The Ukrainian town of Makariv, 30 miles west of Kyiv, hit the headlines last week as the first settlement retaken from the Russian army by Ukrainian fighters. The blue and yellow flag flies once again in my great-grandfather’s home town, giving this unremarkable Soviet-style city a symbolic importance that it hasn’t had for many decades.
Makariv, like so many places in Ukraine, has suffered dreadful horrors in the last month. Photos show buildings turned to rubble, burnt-out cars, shops on fire. “Welcome to hell,” the Independent quotes a soldier at the checkpoint saying. Most of the population has fled. Electricity and water supplies have been cut off and little food is available. Municipal offices, a market, school, church and internet tower have all been bombed. The few, mostly elderly, people who remain are scared to leave their homes. A video shows a Russian armoured carrier blowing up a car with an elderly couple inside.
Makariv is known for its bread – a soft, white loaf made from the local wheat. At least 13 workers died when the bakery was shelled earlier this month, around ten more were freed from the rubble.
My great-grandfather, whose name was Meyer Unikow, died just over a century ago, one of three brothers from Makariv who perished within a fortnight of each other during the typhus epidemic of 1919. He is sitting second from the right in the banner photo – taken in Makariv – on the blog page of my website. On the far left is his brother Berl, another of the three who died of typhus.
When Meyer lived there, Makariv was symbolically important for a very different reason. It was the home of an important branch of the Hasidic Twersky rabbinical dynasty. The Makarov (to use the Russian spelling) dynasty was founded by Rebbe Menachem Nachum Twersky in 1837. Meyer was brought up at the Twersky court, where his father and uncle worked, and was educated with the rabbi’s sons.
When Meyer was born in 1873, there was just one synagogue in Makariv. By the end of the century there were six. By this time, almost three-quarters of the town’s population were Jewish. A Jewish savings co-operative was founded in 1912 and in 1913 a Jewish hospital. In 1914, all three of the town’s drugstores, 85 shops, a tavern, two honey factories and two timber yards were owned by Jews.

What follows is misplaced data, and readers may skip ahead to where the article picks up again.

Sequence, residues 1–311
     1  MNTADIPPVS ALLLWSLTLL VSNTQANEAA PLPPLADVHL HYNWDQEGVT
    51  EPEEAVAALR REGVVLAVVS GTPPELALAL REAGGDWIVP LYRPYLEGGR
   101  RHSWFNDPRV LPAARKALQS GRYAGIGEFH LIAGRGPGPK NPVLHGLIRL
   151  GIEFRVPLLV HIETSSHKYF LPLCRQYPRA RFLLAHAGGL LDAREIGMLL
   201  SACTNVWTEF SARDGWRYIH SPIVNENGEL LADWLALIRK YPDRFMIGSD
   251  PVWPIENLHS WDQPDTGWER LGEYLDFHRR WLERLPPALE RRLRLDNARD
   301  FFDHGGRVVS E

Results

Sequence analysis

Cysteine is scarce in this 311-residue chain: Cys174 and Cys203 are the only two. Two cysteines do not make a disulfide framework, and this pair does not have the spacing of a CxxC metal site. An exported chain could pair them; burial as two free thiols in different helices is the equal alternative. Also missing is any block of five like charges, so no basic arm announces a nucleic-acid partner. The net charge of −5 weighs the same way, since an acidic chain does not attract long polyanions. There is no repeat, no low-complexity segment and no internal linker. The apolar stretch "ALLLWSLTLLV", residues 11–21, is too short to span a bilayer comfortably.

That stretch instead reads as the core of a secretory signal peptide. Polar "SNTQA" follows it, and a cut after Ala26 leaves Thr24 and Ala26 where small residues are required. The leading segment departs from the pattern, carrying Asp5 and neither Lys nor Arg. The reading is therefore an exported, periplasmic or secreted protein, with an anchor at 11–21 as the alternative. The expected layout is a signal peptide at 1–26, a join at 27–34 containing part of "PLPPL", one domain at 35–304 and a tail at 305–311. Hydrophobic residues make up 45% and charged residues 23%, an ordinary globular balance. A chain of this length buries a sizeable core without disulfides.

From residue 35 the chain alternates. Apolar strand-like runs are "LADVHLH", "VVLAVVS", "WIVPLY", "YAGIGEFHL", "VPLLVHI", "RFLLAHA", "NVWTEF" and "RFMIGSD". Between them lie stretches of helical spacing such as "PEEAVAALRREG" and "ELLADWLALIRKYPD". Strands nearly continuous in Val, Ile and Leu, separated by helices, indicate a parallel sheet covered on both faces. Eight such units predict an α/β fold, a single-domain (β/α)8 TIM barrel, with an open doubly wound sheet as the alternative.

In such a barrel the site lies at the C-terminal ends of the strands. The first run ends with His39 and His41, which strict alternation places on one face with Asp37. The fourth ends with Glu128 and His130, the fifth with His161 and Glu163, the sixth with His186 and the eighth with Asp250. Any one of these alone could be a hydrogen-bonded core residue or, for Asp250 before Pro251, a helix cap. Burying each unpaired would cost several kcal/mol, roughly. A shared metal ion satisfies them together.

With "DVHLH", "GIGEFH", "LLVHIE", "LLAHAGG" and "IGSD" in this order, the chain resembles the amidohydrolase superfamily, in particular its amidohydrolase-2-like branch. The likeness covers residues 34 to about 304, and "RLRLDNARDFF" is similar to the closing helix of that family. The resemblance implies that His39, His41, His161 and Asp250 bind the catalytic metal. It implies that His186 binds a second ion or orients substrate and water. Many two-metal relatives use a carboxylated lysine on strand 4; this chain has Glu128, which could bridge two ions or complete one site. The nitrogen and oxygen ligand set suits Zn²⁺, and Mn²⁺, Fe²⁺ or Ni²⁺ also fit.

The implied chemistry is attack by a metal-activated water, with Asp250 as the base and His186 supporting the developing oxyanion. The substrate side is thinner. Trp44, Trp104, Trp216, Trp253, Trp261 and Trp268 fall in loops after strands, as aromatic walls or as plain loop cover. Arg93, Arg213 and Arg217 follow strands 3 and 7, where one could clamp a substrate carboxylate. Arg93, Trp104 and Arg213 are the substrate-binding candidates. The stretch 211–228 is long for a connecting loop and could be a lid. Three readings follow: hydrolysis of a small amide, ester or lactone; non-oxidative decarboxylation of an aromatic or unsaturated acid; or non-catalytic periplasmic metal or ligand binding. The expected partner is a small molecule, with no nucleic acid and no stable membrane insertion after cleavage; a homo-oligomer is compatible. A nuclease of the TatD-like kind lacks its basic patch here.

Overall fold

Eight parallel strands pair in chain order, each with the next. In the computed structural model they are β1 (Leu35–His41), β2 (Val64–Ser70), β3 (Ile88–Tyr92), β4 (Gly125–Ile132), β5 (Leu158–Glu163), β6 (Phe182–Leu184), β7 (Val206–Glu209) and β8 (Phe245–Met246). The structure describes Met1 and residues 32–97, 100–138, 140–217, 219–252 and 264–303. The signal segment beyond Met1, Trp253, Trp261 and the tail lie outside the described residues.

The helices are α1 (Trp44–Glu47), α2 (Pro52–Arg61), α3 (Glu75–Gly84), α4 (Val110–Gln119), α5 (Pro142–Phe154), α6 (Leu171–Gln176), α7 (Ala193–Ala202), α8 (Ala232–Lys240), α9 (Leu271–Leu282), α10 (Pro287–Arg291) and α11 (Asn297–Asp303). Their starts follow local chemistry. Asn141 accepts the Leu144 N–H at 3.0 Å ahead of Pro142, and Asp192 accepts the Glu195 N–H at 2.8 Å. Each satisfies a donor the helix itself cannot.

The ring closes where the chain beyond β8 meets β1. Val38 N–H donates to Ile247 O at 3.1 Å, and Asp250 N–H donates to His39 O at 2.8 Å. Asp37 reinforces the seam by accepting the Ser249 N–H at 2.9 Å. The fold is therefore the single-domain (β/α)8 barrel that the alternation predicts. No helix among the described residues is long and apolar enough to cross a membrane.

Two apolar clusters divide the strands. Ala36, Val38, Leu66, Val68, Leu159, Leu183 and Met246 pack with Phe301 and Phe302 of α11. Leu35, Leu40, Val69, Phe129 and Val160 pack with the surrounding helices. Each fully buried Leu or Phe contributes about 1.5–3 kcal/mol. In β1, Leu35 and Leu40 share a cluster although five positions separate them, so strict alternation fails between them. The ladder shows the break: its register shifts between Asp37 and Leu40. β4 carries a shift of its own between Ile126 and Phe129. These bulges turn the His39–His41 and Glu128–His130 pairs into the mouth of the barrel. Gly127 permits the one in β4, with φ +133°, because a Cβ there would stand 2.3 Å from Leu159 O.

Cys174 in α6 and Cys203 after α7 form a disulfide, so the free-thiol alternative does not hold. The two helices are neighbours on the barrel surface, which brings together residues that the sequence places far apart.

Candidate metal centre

Five years later, the Jewish population was decimated. In 1919, during the Russian civil war, Makariv witnessed some of the most brutal antisemitic pogroms. Gangs – or banda as my grandmother called them – murdered 20 Jews on 6 July and 15 August that year, prompting most of the Jewish population to flee. The Volunteer Army of General Anton Denikin arrived on 18 August and killed half of those who remained, including 17 members of a Jewish delegation sent to greet them. A further pogrom took place on 6 September.
The website jewua.org quotes Chaim Frimgod, who witnessed Denikin’s pogrom: “On Monday August 18, the Volunteer Army entered Makarov. Jews with bread and salt went to meet them, but this present was rejected. Immediately they began to beat the Jews, they took their boots and dresses off and gave them to local peasants. Jews were caught in the streets and shot. About 50 elderly men were shot during the pogrom. They killed five to six Jews a day. It was impossible to escape from the shtetl. It was impossible to escape from the shtetl as there was risk of being killed on the road out. Bodies of dead Jews lay in the streets, dogs and pigs were nibbling their heads. Afterwards peasants threw the bodies into mass graves in groups of 20-25. About 80 Torah scrolls were destroyed.”
Very few members of the Jewish community ever returned to Makariv. By 1926 the Jewish population had dropped to below 600, from around 4,000 at the turn of the century. Many of them worked on a collective farm that was established in Makariv in the 1920s. During the Holodomor – the great famine that killed millions in Ukraine in 1932-1933 – the collective farm provided food for local children, helping to save their lives. The farm became the scene of mass shootings in September 1941, when Nazi forces occupied the town. More than 100 Jews were murdered in Makariv in July-November of that year.
Just a handful of Jews lived in Makariv when I visited the town in 2005, all of them incomers. No descendants of the families who had been there before the war still lived in the area.
Keeping stories alive
This blog aims to discuss historical events relating to the Jewish communities of Ukraine, and of Eastern Europe more widely. As a storyteller, I hope to keep alive stories of the past and remember those who told or experienced them. As my research for a new book set in Ukraine continues, articles published here will focus on three tumultuous periods in particular: the Second World War, the Russian Civil War and the Euromaidan Revolution of 2013-14.